By Dawna Matthews
The bounty in my latest CSA delivery box was wonderful and itʼs not even deep spring yet. It was beautiful to see some of the seasonal changes, but I must admit I get lost when I unpack the box and see everything on the counter. Should I refrigerate the fruit or let it ripen on the counter? Should my herbs be chopped and stored or wrapped with a wet towel?
We have all been told to eat our fruits and vegetables for our health and vibrancy. Sometimes we end up throwing away more than we eat because we forget to eat something or itʼs already gone bad. The United States Environmental Protection Agency indicates that nearly 35 million tons of food is wasted every year. Some of this can be prevented by proper storage. Since fruits and vegetables will be more plentiful as we move close to summer, itʼs time for a quick refresher on storing your fresh vegetables and fruits.
Do not commingle: store fruits and vegetables separately. All fruits give off high levels of ethylene (an odorless, harmless, tasteless gas) and can speed up ripening and eventually spoil surrounding produce. Some, such as apples and bananas, produce a lot more than normal so it is important to keep them separate. For longer life, keep your fruits and vegetables whole; do not cut until ready to eat.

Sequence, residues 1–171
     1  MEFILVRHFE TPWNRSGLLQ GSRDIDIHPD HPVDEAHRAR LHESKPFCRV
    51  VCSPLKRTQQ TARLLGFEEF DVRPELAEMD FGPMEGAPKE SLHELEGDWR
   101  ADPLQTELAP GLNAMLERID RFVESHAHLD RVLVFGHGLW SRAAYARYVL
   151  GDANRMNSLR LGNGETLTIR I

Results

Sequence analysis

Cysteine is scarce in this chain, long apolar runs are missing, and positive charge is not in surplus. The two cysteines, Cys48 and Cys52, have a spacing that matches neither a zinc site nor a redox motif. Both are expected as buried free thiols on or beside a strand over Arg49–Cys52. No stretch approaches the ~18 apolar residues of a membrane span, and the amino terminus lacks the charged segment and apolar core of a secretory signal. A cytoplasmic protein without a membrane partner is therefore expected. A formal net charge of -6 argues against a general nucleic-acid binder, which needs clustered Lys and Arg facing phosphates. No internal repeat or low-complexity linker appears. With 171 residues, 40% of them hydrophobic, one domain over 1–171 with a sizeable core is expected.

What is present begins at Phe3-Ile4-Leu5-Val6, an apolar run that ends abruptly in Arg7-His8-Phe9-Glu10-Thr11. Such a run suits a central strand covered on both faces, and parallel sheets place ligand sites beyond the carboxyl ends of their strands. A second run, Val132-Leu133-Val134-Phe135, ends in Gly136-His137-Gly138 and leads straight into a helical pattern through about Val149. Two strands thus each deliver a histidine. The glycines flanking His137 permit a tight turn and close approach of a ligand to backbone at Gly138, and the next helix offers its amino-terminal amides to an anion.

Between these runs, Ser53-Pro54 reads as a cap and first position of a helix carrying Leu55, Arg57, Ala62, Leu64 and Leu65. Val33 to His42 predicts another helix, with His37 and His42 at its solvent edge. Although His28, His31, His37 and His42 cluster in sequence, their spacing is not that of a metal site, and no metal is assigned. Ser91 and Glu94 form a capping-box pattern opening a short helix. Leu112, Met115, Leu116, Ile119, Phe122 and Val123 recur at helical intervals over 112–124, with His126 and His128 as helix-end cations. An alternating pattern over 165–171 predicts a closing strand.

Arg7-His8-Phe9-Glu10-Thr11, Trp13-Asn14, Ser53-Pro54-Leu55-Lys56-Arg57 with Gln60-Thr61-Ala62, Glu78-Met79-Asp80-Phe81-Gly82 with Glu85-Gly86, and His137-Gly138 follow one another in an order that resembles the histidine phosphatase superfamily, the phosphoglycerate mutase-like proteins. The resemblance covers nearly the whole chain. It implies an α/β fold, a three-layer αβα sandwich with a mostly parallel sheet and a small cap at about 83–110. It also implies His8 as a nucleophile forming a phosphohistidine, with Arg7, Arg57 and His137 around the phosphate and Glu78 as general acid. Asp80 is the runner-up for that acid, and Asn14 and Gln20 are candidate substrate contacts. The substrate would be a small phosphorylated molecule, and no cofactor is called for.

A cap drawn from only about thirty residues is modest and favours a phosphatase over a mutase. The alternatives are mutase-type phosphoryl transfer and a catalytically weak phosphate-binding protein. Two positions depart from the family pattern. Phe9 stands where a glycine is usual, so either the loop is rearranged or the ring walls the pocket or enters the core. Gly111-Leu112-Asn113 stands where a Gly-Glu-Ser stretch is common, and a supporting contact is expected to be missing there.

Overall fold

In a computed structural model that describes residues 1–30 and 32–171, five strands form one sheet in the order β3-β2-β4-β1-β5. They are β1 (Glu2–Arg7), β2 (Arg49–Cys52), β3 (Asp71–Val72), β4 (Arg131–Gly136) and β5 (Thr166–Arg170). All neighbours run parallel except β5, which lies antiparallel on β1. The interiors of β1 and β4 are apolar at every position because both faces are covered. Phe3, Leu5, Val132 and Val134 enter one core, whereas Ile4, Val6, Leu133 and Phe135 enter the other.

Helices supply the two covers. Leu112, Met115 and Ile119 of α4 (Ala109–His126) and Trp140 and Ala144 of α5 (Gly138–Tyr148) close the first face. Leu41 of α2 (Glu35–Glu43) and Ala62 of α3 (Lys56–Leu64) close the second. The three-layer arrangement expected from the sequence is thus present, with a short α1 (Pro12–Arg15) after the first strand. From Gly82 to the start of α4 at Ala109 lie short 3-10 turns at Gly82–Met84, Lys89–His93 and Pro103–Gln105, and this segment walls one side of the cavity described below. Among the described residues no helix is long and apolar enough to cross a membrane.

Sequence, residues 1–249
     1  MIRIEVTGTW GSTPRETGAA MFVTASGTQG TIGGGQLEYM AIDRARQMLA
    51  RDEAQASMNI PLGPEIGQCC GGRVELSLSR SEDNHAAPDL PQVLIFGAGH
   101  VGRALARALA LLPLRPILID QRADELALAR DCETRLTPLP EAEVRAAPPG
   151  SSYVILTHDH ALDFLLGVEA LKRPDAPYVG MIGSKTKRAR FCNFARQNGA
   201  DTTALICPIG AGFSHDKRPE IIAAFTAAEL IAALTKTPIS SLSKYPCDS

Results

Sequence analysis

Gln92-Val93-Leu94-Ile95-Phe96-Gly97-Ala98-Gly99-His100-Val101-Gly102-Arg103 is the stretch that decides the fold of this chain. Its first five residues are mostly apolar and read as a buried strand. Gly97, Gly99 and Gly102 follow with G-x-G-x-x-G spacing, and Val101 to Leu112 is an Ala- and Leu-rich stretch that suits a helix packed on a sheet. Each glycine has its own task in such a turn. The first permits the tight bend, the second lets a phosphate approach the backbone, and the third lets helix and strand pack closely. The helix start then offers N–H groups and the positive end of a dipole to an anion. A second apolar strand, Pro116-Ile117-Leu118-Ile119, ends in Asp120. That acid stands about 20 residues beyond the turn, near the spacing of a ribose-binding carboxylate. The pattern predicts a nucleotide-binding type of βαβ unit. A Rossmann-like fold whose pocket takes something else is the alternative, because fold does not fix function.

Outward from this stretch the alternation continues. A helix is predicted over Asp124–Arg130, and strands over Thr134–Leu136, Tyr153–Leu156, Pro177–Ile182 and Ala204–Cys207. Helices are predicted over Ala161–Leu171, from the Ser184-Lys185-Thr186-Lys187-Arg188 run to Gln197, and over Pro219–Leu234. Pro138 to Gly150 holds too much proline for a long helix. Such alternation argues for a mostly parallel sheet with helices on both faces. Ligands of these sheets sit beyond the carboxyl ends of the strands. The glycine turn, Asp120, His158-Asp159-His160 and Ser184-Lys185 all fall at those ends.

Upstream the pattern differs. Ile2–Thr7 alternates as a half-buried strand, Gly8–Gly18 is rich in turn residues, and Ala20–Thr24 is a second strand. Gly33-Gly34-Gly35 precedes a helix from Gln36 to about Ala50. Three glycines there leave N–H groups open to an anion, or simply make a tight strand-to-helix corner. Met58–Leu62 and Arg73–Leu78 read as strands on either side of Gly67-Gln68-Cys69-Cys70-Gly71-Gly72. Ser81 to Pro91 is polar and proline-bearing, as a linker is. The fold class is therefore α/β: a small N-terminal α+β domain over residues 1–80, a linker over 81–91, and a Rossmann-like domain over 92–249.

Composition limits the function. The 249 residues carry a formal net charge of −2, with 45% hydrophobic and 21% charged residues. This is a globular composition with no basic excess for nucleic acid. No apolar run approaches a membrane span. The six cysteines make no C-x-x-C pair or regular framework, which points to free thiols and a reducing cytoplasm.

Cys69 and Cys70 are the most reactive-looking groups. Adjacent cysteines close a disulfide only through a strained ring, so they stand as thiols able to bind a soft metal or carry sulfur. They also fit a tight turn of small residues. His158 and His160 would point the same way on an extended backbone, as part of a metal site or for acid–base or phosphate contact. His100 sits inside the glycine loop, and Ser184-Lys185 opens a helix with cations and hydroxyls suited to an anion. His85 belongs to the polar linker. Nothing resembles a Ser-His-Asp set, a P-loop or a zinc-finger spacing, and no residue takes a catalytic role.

Keep vegetables and fruits in separate drawers (see above).
Keep produce in perforated bags (similar to the ones you may see in the store) so air may flow easily. Pack vegetables loosely in a single layer. Refrigerate bell peppers, citrus fruits, grapes, and berries, as they are sensitive and deteriorate rapidly.
For countertop storage:
Store out of direct sunlight. Store on the counter or in an uncovered bowl. Avocados, tomatoes, apples, pears and melons will ripen as they sit but are fine to store this way. Remember, bananas will ripen very quickly as well as speed up the ripening of other fruits nearby. Once ripe, place in refrigerator.
I treat them like flower bouquets: I place them in a glass of water and then into the refrigerator. I take a stalk out as needed.
Shop more frequently to ensure the freshest produce. Eat the most perishable item(s) first (for example, berries before citrus). Buy your produce last while in the store so it doesnʼt have time to sit out, breathe, and get warm or wilt.
Food is expensive, and we want to limit our waste of food and money. By trying these tips, we can also squeeze in all those delicious healthy food servings, too. Enjoy the beautiful, bountiful produce, and let us know of any food storage tips you may have.
Resources and Storage tips: